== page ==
Sounds like you had an amazing trip! All of that sounded lovely, especially the otters. I bet they were the cutest! I hope the rest of your summer is going well.
Thanks Marina, the otters were incredibly cute! :)
Kate Williams says
The view from Mam Tor makes me feel a little giddy! It is an amazing view though.
Thanks Kate. Yes, me too in parts! :D
Jumble Tree says
Looks wonderful Emma, and you certainly managed to pack a lot into your week. Another place I don’t know at all – we really need to do more exploring! Lots of great information here and gorgeous photos as always. Think I’d also be making a beeline for Bakewell… :) x
Thanks so much T. It’s such a beautiful area. A first time for us, and I know we will be back! :) x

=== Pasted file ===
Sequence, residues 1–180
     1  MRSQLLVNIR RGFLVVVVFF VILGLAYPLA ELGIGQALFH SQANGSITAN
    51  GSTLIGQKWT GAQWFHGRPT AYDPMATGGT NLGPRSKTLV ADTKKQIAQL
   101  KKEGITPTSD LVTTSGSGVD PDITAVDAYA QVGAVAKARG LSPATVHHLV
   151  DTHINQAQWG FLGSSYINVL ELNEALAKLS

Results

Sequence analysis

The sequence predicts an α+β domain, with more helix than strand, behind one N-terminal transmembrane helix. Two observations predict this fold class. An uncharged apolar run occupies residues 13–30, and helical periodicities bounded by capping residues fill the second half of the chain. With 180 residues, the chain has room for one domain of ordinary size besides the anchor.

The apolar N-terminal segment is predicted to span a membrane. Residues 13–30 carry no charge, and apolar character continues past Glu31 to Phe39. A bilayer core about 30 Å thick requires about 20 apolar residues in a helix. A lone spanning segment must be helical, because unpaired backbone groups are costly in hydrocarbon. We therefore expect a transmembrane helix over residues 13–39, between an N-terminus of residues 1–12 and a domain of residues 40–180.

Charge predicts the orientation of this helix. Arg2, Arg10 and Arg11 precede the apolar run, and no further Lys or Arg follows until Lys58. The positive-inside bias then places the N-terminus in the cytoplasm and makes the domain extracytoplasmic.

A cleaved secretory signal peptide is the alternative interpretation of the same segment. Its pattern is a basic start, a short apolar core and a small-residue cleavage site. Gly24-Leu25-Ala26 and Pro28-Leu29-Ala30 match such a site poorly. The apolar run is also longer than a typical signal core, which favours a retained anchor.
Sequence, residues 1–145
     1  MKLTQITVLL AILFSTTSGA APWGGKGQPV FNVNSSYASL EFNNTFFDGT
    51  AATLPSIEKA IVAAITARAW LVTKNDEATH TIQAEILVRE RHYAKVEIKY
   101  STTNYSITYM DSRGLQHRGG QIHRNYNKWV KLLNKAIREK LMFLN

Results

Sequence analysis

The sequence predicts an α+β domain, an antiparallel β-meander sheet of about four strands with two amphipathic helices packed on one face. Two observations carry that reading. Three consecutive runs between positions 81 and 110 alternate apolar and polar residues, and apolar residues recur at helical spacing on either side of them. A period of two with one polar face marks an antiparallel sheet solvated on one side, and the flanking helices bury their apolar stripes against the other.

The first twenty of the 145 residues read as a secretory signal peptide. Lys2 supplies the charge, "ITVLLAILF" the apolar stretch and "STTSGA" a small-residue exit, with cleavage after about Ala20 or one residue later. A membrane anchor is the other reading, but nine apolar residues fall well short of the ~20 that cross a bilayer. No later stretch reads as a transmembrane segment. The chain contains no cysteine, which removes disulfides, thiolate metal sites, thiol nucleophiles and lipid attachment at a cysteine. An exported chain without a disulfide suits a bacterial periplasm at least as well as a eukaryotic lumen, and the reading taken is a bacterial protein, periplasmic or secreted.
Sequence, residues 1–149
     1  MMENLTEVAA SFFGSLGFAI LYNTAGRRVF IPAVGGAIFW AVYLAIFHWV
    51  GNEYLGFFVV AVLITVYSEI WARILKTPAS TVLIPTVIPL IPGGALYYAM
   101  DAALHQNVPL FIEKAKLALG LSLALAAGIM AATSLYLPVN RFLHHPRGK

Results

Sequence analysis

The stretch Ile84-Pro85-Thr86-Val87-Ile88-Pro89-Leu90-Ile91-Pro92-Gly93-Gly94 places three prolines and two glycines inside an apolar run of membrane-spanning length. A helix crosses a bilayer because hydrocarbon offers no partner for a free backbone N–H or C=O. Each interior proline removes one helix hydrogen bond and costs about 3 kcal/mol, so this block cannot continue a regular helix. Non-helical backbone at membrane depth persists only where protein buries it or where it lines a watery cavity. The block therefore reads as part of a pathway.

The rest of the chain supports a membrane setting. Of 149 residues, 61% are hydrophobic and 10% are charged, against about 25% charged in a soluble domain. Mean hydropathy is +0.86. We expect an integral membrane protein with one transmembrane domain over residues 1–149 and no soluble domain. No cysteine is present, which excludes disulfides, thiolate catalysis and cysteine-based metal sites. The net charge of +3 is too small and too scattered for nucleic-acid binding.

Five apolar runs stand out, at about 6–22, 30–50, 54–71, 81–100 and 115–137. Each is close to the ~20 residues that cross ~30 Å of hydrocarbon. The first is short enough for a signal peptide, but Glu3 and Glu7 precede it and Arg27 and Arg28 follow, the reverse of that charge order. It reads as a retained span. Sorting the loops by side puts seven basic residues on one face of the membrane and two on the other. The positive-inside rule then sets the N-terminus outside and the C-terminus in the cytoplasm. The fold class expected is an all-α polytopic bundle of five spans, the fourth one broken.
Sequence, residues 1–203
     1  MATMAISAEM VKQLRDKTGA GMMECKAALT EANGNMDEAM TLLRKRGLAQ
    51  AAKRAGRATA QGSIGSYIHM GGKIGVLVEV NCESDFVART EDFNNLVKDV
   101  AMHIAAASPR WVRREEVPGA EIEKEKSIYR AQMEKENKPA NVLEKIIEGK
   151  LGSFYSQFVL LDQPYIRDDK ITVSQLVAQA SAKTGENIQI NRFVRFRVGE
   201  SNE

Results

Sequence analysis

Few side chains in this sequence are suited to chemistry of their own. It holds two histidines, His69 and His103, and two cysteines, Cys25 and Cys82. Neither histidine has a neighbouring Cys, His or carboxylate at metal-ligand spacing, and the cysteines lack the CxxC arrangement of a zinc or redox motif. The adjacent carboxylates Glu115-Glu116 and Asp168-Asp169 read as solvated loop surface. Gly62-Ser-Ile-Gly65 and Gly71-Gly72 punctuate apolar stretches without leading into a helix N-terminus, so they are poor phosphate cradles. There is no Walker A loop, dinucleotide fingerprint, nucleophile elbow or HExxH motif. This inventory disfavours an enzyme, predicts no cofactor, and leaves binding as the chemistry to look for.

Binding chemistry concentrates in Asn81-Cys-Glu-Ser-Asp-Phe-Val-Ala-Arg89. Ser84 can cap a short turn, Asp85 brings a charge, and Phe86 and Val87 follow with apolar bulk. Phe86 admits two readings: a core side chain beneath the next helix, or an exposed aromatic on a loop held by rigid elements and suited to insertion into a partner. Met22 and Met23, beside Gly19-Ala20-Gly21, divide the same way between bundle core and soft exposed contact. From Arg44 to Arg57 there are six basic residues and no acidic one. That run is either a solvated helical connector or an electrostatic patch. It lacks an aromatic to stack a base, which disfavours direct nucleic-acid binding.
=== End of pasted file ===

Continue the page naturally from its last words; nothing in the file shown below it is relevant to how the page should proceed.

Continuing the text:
It looks lovely and so much to do. Looks like you had a lovely time xx
Thank you. Perfect place for a holiday with Spike too! :) xx
I love the Peak District although it’s been years since I last visited. My daughter is off to Edale with her school next week, wish I was going too.
What a fantastic place for a school trip! Thanks Kizzy! :) x
Jaime Oliver says
looks like a wonderful trip. I mist admit I saw the love locks in Bakewell and my heart soared its one of my favourite places in that neck of the woods and Ollie and I have been promising to go this year but not managed it so far!
Bakewell is such a gorgeous little place. I couldn’t live there though, I would be like the hungry caterpillar eating a Bakewell Tart each visit. Just without the beautiful butterfly bit at the end! :D Thanks Jaime!
Midlife Singlemum says
We think the Alps are the bees knees when it comes to tourism but your photos of The Peak District look just as beautiful, interesting, and delicious as anything in Bavaria.
That’s a huge compliment. Thank you! :) x